A special Legion medal worn by King Edward VIII in 1936 at the unveiling of the Canadian National Vimy Memorial in France has been acquired by the Canadian War Museum in Ottawa.
The medal, which had been in the estate of Wallis Simpson, the woman the king gave up his throne in order to marry, was sold by Sotheby’s in London, England for about $20,000.
It was officially accepted into the war museum’s collection in a ceremony on Jan. 20 in The Royal Canadian Legion Hall of Honour in front of a 1937 painting of the unveiling by Georges Bertin Scott. In the seven-foot-high canvas, The Unveiling of the Vimy Memorial, the king stands in the foreground wearing a grey morning coat with his own war medals on his left side. The pilgrimage medal can be clearly seen on his right side.
The Vimy Pilgrimage was organized by the Legion. Five cruise ships carried more than 4,000 people to France and Belgium for the unveiling of Walter Allward’s mammoth sculpture which bears the names of 11,285 Canadians who were declared “missing, presumed dead” in France.
All Canadian veterans and their families attending were presented with the Canadian Legion Vimy Pilgrimage Medal by the Legion. A total of 8,000 medals were cast in bronze by the well-known badge maker, J.R. Gaunt & Son. Five replicas were cast in gold. This one was given to Edward. The others were given to Canadian Prime Minister William Lyon Mackenzie King, the president of France, the king of Belgium and Walter Allward. Mackenzie King’s medal is now in the collection of Library and Archives Canada.
The unveiling of the monument is one of the few large public events attended by Edward who became king upon the death of his father, George V, on Jan. 20, 1936. Edward would abdicate on Dec. 11 after just 11 months as monarch.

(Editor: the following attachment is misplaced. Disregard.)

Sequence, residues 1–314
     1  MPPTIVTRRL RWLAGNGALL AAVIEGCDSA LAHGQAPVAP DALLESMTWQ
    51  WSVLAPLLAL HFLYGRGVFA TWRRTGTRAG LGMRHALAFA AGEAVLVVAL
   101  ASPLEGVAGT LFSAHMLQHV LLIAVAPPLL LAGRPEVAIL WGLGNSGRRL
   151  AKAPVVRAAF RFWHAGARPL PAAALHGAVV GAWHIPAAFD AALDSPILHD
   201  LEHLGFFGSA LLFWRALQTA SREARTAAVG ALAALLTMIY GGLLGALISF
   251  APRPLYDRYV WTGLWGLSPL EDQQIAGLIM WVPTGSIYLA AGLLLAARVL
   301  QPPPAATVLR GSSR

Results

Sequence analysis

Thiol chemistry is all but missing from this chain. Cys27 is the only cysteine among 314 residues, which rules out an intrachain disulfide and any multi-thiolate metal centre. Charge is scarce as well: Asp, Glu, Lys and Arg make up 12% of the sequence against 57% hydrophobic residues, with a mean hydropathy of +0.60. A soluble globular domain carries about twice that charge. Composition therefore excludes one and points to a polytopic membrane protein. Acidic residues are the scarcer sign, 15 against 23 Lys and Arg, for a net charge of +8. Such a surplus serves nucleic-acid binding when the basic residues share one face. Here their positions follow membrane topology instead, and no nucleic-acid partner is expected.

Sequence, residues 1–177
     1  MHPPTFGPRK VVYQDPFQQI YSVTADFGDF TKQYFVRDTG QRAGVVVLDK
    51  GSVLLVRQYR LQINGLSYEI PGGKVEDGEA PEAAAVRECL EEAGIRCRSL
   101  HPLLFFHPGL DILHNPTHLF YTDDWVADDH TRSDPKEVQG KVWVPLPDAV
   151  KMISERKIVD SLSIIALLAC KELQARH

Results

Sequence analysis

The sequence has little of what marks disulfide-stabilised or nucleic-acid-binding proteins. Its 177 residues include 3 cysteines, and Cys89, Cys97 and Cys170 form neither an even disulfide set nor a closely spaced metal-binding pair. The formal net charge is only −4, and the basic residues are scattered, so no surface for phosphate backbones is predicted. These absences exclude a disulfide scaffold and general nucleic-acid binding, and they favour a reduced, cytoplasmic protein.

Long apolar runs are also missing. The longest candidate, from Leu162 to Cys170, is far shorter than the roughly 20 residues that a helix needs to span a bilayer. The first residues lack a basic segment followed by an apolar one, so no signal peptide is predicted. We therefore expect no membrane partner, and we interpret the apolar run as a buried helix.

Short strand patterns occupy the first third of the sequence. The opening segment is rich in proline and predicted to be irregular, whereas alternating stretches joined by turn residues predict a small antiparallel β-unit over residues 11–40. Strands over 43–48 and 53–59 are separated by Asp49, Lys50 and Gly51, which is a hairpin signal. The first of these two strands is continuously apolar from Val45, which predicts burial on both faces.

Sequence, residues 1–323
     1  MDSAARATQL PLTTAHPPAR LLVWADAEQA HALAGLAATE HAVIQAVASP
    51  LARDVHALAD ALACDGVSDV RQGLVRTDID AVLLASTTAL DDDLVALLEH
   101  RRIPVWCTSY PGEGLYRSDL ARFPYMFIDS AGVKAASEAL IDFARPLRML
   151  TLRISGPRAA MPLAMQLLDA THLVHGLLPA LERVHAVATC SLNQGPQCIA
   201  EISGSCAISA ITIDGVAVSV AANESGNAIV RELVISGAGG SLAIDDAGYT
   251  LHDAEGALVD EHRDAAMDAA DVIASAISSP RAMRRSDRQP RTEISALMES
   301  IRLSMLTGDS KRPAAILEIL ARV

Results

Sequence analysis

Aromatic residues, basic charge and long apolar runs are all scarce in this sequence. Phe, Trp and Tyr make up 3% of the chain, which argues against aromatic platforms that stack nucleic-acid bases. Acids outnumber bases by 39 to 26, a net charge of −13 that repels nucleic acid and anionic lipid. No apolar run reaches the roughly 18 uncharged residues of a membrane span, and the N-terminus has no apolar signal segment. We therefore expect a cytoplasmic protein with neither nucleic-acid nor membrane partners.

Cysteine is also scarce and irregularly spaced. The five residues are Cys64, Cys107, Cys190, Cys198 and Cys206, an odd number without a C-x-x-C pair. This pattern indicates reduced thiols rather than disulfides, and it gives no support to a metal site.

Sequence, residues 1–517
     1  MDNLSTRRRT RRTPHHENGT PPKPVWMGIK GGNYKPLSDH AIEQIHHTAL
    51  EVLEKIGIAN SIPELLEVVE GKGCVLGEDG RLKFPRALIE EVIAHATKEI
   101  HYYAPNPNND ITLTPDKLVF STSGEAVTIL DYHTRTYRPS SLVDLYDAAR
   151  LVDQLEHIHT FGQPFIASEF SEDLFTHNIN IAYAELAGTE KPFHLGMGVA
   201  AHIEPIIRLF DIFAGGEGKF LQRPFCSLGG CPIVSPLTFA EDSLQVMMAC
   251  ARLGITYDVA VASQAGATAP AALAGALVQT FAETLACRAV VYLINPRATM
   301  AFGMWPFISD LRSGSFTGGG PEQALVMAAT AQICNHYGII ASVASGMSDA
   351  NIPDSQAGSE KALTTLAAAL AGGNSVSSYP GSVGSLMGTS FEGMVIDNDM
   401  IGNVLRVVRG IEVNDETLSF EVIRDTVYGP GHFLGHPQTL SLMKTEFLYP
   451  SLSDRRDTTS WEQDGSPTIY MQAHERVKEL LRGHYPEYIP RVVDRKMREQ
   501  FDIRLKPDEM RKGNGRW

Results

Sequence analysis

The medal was purchased with the support of the Vimy Foundation. The Montreal-based foundation was founded in 2005 with the purpose of preserving and promoting the legacy of Canada’s contribution to the First World War. The foundation also received a donation in support of the purchase from John McCall MacBain.
“Socrates said know yourself, but the Vimy Foundation believes one should know one’s past,” said foundation founder and president emeritus Andrew Powell at the presentation. “The Battle of Vimy Ridge is an inspiration, meticulously planned and performed with great courage. It is hoped this medal will help make young Canadians more aware of its role in the First World War. ”
Museum Director Mark O’Neill said that in today’s world it is important to have tangible objects, such as this medal, which can help tell Canada’s history. The Legion was represented at the ceremony by Dominion Vice-President George O’Dair and Director of Administration Steven Clark.
The medal is suspended from a ribbon with the Legion colours. Two blue stripes flank one gold stripe, with a bar which reads, “Canadian Legion 1936.” The Legion was not granted the title Royal Canadian Legion until 1960. The medal itself features an image of the two towers of the Vimy Memorial encircled by poppies and the words “Vimy Pilgrimage.”